13 March 2018
MACOM launches L-PIC-enabled CWDM4 transmitter optical sub-assembly to drive cloud data centers and 5G optical connectivity
© Semiconductor Today Magazine / Juno PublishiPicture: Disco’s DAL7440 KABRA laser saw.
In booth #2613 at the Optical Networking and Communication Conference & Exhibition (OFC 2018) in San Diego (13-15 March), MACOM Technology Solutions Inc of Lowell, MA, USA (which makes semiconductors, components and subassemblies for RF, microwave, millimeter-wave and lightwave applications) has launched the MAOT-025402 CWDM4 transmitter optical sub-assembly as part of its L-PIC (laser-integrated silicon photonic integrated circuit) solution for 100Gbps CWDM4. Leveraging the firm’s patented L-PIC, the MAOT-025402 is designed to mate with the MASC-37053A CDR (clock & data recovery chip) to form the complete high-speed transmit path for QSFP28 CWDM4 solutions.
As the growth of data traffic and demand forces Cloud data centers to rapidly scale their capabilities, MACOM is targeting the transition from 100Gbps to 400Gbps and from 4G to 5G with a cost-effective, high-performance and highly integrated interconnect chipset for CWDM4, scalable to FR4 and FR1/DR1 applications.
Core to the MAOT-025402 is the MAOP-L284CN L-PIC, which integrates four 25Gbps CWDM wavelengths in a single silicon photonic integrated circuit to communicate 100Gbps over duplex single-mode fiber. MACOM’s L-PIC platform provides a highly integrated silicon photonic solution targeting specific data-center applications that includes four CW lasers, monitor photodiodes, high-bandwidth waveguides, modulators and multiplexers. Utilizing the firm’s patented self-aligning etched facet technology (SAEFT) for precision attachment of the lasers to the silicon chip, the L-PIC platform removes the need for active laser alignment and offers what is claimed to be a significant cost reduction, enabling mainstream deployment.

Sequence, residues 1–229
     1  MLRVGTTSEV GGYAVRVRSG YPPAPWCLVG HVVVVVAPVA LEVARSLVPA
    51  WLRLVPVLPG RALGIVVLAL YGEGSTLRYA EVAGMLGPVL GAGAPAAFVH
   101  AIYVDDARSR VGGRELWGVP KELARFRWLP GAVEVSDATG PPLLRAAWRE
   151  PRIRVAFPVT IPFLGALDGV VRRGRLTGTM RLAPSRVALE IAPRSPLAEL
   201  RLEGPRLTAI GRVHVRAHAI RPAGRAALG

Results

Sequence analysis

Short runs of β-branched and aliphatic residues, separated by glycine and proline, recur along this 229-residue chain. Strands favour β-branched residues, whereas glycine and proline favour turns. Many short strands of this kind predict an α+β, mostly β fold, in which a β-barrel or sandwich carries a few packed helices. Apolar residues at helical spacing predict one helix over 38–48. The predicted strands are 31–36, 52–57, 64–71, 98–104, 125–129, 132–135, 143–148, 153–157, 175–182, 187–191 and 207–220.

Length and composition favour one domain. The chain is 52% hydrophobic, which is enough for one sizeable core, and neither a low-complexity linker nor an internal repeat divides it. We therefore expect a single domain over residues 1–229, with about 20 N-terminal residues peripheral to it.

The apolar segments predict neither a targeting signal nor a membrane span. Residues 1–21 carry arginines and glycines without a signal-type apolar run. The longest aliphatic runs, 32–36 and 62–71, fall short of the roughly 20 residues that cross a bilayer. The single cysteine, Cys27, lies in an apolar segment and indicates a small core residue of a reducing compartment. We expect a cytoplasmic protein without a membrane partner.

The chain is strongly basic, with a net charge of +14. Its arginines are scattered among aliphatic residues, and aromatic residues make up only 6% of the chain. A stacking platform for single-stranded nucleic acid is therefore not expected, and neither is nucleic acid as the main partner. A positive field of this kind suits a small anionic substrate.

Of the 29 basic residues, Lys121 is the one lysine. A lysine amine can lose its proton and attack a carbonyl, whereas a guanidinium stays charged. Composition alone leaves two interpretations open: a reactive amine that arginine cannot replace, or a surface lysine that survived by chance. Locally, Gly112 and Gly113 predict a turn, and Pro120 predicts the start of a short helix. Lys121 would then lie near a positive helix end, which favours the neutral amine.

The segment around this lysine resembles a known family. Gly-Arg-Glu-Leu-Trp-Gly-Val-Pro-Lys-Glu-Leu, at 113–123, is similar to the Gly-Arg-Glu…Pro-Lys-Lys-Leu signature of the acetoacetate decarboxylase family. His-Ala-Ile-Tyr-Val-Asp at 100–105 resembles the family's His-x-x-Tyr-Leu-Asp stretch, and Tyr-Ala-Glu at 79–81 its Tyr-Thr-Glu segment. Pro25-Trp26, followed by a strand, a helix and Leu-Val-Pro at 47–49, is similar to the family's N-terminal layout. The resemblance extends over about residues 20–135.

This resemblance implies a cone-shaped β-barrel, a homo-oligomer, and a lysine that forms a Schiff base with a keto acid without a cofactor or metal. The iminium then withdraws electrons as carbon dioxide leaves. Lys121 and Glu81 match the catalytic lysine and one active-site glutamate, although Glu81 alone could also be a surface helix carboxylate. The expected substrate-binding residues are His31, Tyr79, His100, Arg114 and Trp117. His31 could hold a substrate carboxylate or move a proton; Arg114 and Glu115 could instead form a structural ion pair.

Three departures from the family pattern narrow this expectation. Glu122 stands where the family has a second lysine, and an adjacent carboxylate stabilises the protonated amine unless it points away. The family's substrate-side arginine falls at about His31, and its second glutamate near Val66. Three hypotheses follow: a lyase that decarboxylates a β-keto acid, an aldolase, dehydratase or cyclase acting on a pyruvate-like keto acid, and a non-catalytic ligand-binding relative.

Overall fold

“MACOM is leveraging our L-PIC platforms to enable leading scalability that meets the rapidly increasing CWDM4 module demand,” says Vivek Rajgarhia, senior VP & general manager, Lightwave, at MACOM. “The platform’s automated self-aligning calibration and firmware control is anticipated to deliver the requisite combination of scale and cost for mainstream cloud data-center deployment.”
MACOM says that its L-PIC platform delivers the bandwidth that is critical to enabling CWDM4, and is now available in a transmitter optical sub-assembly (TOSA) and at die level. Each L-PIC product includes a companion matched driver and PIC controller. Leveraging this three-device chipset, users can significantly reduce engineering risk and achieve faster time-to-market, it is claimed. The accompanying software provides automatic calibration and self-test capabilities, and greatly reduces capital investment required for production lines, the firm adds. Fully integrated and pre-assembled, MACOM’s sub-assembly platform is expected to provide the performance required for achieving 100Gbps and 400Gbps data-center links while reducing a transceiver manufacturer’s engineering and capital equipment costs, enabling an overall faster time-to-market with lower investment.